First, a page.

Consider where you are now, where you want to be and how you're going to get there. If you're lost as to what career to choose, take a look at what jobs would suit me? and ask yourself the following questions:
- What am I good at?
- What are my interests, motivations and values?
- What did I most enjoy at university?
- What kind of lifestyle do I want?
- What do I want from my career?
- What is important to me?
If you're struggling to identify your strengths, weaknesses and character traits, consider taking psychometric tests.
By the end of this step, you'll have identified which occupations suit you, but won't have enough information to make a decision.
2. Explore career ideas
This is all about researching the job market and career paths of interest to you and narrowing down your options.
Consider what your ideal job sector would be, and identify key trends by researching the local, national and global jobs market. This will help you to discover more potential career paths, and understand which jobs are expanding or declining.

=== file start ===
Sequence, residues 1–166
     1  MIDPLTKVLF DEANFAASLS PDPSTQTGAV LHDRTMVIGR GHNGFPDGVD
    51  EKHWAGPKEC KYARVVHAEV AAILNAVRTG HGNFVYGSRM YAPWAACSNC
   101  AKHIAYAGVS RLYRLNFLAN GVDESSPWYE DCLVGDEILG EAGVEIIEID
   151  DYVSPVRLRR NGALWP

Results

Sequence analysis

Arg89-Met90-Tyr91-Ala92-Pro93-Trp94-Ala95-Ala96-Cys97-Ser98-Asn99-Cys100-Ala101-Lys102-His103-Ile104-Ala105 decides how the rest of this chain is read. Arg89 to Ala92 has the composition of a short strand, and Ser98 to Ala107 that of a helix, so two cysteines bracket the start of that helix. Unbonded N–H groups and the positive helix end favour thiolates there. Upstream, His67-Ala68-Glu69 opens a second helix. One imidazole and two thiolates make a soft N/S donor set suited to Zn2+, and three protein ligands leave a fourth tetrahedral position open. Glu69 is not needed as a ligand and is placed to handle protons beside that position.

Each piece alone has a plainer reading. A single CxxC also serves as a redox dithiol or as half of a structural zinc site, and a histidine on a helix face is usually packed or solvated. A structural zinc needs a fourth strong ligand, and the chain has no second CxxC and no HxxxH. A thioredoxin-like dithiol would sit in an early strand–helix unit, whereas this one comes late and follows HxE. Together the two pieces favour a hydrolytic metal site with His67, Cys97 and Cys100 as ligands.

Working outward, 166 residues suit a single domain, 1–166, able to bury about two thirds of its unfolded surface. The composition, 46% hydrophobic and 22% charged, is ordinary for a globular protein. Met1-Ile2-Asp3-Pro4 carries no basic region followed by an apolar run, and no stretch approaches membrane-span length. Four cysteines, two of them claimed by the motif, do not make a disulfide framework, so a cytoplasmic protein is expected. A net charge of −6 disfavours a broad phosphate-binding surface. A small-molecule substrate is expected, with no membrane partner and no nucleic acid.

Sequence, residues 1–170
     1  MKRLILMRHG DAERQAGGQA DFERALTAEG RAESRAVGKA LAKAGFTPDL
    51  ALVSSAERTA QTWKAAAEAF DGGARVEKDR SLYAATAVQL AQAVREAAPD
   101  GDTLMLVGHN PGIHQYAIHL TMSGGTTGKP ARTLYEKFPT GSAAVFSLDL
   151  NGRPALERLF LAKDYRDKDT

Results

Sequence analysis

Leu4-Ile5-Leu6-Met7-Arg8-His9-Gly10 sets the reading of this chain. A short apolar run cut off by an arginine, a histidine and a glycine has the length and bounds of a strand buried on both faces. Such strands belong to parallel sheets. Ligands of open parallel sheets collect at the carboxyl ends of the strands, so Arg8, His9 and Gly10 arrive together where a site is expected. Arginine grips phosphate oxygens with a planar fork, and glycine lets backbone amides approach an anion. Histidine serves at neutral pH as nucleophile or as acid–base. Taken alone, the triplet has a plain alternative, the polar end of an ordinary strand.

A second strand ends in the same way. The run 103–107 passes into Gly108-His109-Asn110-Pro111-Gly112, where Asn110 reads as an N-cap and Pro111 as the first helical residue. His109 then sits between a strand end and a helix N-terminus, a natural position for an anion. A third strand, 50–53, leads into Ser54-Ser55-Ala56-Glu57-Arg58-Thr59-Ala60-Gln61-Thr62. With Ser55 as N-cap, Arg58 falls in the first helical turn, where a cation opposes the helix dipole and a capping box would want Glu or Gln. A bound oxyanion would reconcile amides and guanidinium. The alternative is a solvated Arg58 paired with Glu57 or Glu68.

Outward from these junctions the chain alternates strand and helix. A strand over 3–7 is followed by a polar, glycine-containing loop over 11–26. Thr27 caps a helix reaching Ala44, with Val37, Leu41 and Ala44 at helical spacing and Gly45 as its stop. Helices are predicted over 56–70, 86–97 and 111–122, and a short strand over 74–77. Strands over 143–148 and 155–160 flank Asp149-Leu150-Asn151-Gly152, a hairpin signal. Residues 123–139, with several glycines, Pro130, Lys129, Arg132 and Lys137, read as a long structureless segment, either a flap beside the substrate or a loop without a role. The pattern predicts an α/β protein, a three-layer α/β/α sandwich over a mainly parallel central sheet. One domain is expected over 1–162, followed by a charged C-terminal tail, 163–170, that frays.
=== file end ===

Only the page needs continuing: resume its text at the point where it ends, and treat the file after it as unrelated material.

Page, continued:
There are three overarching job sectors.
- Private - Sole traders, partnerships and limited companies.
- Public - Local and national governments, their agencies and chartered bodies.
- Not-for-profit - Often referred to as the third sector, or the charity and voluntary work sector.
Once you've assessed which areas of work suit your skills, values and interests, research what careers other graduates in your discipline enter by visiting what can I do with my degree? Also, think about less obvious alternatives by browsing job profiles.